IMBHIntermediate-Mass Black Hole
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The IMBH is the second-largest black hole discovered in the Milky Way next to Sagittarius A*, which is 400 million times the size of our sun.
"One possible scenario is IMBHs - which are formed by the runaway coalescence of stars in young compact star clusters - merge at the centre of a galaxy to form a supermassive black hole," said Prof Oka.
IMBHs are a newer theory; and while many have been proposed, none have been accepted yet.
IMBH candidates are considered to be the "seeds" that form and grow massive black holes.
It is thought that IMBHs are formed within such huge star clusters.
An IMBH at the cluster's center acts like a cosmic 'spoon' and stirs the pot, causing those stars to slingshot to higher speeds and greater distances.
Combined with computer simulations of stellar motions, this points toward the existence of an IMBH of roughly 2,200 solar masses within the cluster.
The IMBH course, a value- oriented programme, is mandatory for all DU students under the four- year undergraduate programme.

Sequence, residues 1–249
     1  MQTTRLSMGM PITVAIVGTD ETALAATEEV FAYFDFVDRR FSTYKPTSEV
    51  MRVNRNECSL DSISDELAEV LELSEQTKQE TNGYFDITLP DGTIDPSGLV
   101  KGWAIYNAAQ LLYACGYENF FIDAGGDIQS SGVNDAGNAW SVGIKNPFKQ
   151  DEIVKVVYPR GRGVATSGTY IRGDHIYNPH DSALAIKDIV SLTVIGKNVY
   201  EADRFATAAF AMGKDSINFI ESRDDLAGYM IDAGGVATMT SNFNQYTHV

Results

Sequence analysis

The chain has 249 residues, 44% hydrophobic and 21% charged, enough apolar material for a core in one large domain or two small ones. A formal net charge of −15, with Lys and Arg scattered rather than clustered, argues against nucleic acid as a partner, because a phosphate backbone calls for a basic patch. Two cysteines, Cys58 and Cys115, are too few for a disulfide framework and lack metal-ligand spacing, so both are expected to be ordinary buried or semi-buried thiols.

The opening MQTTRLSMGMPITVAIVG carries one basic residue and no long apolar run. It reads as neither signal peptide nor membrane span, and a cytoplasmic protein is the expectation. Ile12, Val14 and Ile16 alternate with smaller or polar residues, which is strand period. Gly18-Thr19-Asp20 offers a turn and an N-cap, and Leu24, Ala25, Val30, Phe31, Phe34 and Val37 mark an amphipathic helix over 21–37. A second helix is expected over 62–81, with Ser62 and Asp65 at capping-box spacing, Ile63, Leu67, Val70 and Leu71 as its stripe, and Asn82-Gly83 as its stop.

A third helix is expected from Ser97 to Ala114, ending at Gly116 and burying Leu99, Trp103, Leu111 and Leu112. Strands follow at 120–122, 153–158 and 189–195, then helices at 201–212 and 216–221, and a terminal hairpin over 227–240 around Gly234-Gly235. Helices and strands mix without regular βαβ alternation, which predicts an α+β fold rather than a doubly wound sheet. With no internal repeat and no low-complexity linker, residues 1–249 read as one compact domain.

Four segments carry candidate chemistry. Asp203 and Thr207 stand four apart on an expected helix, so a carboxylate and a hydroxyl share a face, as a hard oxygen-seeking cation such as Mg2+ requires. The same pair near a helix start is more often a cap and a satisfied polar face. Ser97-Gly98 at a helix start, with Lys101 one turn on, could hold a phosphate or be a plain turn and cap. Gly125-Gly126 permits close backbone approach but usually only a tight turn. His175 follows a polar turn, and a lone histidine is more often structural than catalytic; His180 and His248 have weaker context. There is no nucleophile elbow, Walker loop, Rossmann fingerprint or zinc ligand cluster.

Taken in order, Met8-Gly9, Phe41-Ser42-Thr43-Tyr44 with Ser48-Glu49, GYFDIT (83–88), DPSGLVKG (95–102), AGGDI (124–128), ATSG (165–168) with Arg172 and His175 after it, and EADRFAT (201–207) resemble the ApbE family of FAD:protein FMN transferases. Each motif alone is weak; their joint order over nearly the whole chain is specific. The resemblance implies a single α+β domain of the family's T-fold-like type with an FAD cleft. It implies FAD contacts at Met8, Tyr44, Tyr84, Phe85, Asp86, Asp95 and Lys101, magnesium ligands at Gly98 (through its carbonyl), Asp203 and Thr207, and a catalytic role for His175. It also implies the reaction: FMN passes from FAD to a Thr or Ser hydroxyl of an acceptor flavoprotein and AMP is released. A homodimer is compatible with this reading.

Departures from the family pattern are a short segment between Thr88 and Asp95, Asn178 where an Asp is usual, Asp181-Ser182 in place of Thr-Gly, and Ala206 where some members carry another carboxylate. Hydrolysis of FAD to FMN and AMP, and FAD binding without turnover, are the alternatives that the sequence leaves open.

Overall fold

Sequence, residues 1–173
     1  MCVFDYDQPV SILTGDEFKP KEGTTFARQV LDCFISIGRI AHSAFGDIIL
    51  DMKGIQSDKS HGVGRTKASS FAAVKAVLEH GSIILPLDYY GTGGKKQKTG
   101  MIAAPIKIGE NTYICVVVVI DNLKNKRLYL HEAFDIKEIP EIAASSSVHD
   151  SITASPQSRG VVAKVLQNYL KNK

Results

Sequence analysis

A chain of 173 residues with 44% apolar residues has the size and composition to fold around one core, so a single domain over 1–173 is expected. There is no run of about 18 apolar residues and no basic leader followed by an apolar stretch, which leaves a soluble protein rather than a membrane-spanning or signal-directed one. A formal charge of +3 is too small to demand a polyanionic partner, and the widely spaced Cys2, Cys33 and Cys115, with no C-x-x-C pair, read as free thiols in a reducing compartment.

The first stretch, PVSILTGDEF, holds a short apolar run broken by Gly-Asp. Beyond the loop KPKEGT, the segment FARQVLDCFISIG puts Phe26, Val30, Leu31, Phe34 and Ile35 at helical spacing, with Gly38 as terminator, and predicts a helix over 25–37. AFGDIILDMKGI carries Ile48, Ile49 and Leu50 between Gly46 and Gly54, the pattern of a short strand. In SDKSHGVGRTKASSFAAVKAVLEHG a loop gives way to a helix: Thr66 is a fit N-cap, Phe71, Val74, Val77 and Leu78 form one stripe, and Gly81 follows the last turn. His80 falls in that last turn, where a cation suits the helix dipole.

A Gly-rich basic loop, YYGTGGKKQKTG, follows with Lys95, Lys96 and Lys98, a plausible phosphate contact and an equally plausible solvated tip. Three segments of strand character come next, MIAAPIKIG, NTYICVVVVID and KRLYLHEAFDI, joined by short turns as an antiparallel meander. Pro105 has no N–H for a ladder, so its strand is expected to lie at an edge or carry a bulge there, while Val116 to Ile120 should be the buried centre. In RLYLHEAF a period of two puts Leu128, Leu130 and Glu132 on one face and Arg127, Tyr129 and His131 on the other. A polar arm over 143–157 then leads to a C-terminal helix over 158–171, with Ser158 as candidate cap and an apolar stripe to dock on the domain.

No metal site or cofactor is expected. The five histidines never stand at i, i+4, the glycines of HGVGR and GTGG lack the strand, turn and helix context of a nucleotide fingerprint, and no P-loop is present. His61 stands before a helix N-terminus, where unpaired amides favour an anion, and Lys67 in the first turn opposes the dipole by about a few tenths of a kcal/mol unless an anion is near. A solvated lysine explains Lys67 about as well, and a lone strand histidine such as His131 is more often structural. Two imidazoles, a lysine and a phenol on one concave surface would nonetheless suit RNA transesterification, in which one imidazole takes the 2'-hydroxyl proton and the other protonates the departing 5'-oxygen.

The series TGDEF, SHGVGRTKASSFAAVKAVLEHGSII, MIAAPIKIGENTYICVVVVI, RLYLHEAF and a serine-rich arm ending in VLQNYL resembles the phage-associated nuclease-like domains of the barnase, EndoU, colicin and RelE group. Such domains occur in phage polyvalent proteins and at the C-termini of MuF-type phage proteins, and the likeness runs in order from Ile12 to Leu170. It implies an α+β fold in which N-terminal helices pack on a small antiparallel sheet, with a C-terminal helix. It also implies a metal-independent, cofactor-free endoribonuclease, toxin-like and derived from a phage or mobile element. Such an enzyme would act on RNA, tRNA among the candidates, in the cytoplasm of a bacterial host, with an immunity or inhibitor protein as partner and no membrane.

There are several other cosmic objects that on first glance also appear to be intermediate-mass black holes (IMBHs), but that's because they are accreting material at unnaturally high rates, boosting their luminosity.
Among ULXs, the sources M82 X-1 and ESO 243-49 HLX-1 are the two best IMBH candidates; evidence suggesting that M82 X-1 is a 400 solar-mass black hole appeared in the September 4th Nature.
A stellar-mass black hole could easily masquerade as an IMBH by beaming most of its radiation toward Earth, which could fool astronomers into overestimating its luminosity.
Tidal-shredding events can also provide a smoking gun for intermediate-mass black holes (IMBHs) 1,000 to 100,000 times the mass of the Sun.